Just when you thought things couldn't get any worse. When losses in consecutive nights to the Charlotte Bobcats isn't even your top concern, you've got some real issues. Tonight, in losing to the 'Cats, Wiz star Gilbert Arenas injured his left knee in a collision with Charlotte's Gerald Wallace. He's having an MRI on Thursday to measure the damage, but let's not kid ourselves - you hear knee injury, and you don't think day-to-day.
Not that it's likely to matter at this point as far as Washington's chances in the playoffs go. When Caron Butler was lost, for all intensive purposes, for the season last weekend, the Wizards' season went down with it. Butler may not be the team's best player - it's Arenas - but he is the heart of the team, the glue in the Wizards' triumvirate of Arenas, Butler, and Antawn Jamison that holds it all together.
What's troubling for me is how quickly the season flipped on its head for Washington. At the All-Star break, this team was flying high. There was an MVP candidate in Arenas, an All-Star Game coach in Eddie Jordan, and a division title seemed like a formality. But the Wizards have shown an inability to play consistent ball if they are missing any of their three stars. On a team that doesn't play defense, you need all the offense you can get, and a duo of high-scorers isn't enough to win. Now, a team that once had the best record in the Eastern Conference is barely above .500 at 39-35, and an first-round exit in the playoffs seems more certain with each passing day. In the playoffs, the Wizards are likely to draw either Toronto, who they have had a ton of trouble with this year, or more likely, Miami, which has owned Washington seemingly since time immemorial.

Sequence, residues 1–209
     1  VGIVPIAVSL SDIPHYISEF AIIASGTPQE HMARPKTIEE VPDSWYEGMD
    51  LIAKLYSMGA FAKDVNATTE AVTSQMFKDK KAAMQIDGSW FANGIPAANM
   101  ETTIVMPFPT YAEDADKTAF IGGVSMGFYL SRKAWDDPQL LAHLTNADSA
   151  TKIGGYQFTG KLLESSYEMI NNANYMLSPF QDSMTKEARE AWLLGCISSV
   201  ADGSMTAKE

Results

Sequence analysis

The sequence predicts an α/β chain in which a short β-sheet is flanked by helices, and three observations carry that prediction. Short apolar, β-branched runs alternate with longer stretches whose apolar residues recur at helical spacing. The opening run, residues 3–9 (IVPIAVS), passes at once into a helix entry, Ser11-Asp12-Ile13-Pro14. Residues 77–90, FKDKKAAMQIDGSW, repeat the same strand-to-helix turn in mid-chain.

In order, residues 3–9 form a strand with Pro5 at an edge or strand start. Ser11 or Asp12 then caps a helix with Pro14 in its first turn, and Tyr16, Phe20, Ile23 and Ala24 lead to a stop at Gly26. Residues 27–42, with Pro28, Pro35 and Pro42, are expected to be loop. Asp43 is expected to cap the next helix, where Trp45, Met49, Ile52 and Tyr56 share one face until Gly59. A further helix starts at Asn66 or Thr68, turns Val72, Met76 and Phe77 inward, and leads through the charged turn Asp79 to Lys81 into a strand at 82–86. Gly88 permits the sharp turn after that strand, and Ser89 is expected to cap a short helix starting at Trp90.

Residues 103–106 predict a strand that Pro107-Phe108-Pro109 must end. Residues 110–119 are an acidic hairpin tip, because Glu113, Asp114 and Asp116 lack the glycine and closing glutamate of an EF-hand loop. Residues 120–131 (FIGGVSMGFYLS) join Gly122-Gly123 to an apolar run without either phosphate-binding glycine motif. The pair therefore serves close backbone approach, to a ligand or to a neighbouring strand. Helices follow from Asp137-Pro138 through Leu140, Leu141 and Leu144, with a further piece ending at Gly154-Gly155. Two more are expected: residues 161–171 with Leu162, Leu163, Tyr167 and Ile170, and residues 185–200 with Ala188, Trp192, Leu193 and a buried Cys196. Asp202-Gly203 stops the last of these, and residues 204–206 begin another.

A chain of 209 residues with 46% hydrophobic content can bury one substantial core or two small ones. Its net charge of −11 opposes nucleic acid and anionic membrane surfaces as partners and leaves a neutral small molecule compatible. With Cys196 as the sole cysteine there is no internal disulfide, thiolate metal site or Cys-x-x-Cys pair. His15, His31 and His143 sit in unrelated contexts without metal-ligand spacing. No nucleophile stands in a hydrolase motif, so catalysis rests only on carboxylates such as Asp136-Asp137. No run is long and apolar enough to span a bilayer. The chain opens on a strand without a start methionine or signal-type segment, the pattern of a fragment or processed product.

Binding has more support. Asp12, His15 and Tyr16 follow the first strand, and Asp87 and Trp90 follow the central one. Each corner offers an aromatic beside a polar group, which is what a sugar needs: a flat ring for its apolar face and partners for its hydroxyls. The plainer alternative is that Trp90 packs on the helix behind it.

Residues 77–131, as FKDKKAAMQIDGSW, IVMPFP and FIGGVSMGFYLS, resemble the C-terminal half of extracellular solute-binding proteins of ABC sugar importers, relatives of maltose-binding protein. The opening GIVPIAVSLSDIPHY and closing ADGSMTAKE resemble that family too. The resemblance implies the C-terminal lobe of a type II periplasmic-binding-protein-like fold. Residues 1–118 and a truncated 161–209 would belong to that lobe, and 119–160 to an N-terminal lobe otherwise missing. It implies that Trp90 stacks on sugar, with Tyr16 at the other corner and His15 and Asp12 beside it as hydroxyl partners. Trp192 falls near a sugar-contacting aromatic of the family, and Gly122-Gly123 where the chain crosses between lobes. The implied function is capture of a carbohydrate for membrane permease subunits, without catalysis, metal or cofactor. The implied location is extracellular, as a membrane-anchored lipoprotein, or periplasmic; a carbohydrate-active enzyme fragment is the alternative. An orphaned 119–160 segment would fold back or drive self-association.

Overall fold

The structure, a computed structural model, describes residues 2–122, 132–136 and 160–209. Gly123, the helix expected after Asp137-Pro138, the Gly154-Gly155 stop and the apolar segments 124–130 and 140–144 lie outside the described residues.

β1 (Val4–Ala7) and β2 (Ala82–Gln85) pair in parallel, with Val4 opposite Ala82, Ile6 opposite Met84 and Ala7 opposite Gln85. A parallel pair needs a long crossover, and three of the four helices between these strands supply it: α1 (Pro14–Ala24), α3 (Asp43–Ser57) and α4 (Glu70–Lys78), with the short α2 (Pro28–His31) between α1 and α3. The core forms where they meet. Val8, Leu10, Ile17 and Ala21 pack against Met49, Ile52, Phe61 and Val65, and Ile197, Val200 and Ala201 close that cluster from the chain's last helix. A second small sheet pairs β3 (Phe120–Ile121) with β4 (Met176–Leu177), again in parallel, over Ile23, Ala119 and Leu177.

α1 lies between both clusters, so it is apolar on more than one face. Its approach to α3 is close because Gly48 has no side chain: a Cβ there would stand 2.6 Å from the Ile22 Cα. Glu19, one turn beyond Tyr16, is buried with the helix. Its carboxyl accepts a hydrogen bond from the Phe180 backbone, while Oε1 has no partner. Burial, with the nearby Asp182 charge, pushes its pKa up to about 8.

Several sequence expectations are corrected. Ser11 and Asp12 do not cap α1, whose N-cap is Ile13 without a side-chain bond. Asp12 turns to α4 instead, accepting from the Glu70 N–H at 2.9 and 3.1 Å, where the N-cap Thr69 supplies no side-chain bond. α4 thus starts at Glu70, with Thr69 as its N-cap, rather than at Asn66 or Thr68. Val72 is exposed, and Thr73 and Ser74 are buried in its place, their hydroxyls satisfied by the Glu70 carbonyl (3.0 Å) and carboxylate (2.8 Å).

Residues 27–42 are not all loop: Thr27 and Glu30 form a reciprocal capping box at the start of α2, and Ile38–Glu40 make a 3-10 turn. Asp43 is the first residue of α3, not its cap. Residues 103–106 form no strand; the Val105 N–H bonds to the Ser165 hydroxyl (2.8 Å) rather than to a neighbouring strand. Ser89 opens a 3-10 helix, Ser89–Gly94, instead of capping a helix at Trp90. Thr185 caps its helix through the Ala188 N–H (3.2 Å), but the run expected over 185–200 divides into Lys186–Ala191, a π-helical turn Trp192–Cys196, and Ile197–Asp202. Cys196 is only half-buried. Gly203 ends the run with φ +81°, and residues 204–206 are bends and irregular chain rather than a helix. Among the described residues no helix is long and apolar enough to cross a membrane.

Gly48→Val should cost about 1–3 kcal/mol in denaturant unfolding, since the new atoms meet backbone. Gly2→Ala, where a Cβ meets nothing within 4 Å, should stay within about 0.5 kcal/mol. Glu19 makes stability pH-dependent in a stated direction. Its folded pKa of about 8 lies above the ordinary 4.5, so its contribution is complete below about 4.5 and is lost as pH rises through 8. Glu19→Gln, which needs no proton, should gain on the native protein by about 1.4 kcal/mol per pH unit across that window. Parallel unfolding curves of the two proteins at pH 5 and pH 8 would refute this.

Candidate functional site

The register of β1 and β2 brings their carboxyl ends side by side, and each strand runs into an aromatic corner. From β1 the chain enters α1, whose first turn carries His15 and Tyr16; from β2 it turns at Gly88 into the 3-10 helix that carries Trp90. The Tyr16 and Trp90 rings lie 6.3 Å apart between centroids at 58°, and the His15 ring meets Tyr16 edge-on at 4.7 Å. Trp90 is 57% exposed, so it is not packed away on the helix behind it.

Hopefully Arenas' MRI doesn't turn up disastrous damage, but even if that's not the case, don't expect to see Washington get past the first round for a second consecutive year.